• Newspaper clippings. A few of the poems published in newspapers of their time are preserved in the collection and are noted as such, with date and source where identifiable.
• Pencilled numbers. Many of the tss in Sections 1a, 1b, 2a, and 2b have a pencilled number, possibly in Hyde’s hand, in the top left corner.
• Cross-references. Where the collection holds both the ts and ms of a poem the number of the corresponding version is given. Explanation of the location of a poem is also given where the order of the catalogue prevents the tss/mss lying in physical sequence.
• Ts or Ms denotes the poem as typescript or manuscript.
• Sgd indicates that the poem has Hyde’s name on it. The majority of such signatures are typewritten; holograph signatures and unusual features of a signature are indicated in the note field. When a poem is unsigned this space is left blank.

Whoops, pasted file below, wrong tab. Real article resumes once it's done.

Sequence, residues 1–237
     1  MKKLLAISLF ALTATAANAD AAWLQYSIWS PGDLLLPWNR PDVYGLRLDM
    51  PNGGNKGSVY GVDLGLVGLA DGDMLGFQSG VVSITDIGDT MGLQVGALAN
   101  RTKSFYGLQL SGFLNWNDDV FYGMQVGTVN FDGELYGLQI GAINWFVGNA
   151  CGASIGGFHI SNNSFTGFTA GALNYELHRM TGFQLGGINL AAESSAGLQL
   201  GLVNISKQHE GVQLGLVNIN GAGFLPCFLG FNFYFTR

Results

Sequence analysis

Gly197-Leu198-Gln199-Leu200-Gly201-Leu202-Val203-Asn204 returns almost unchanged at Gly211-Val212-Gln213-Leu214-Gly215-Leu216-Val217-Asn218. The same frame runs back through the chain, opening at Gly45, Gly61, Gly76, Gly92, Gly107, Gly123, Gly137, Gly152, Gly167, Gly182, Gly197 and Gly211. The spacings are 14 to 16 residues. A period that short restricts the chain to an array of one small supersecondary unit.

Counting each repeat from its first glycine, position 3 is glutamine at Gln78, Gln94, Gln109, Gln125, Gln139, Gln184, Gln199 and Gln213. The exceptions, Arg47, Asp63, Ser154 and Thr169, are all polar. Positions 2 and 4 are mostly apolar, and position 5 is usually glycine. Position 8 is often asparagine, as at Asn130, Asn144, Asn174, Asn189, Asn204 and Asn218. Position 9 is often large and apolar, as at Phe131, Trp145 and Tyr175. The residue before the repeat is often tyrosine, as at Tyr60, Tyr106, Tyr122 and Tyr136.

• l notes the number of leaves the poem covers.
Additional Material: throughout the collection there are miscellaneous items now part of the inventory under this heading but without item numbers.
The first entry in each section notes Gloria Rawlinson’s title page, where one exists. G.R. did not provide a title page for the manuscript sections but in some cases a sense of order is evident.
- Inventory of the literary papers of Robin Hyde, ca 1930-1937.
- Michele Leggott and Lisa Docherty
- Description rules
- Describing Archives: A Content Standard
- Language of description
- Script of description
- Code for undetermined script
- Language of description note
Part of the Special Collections, University of Auckland Repository
5 Alfred Street
Private Bag 92019
Auckland 1142 New Zealand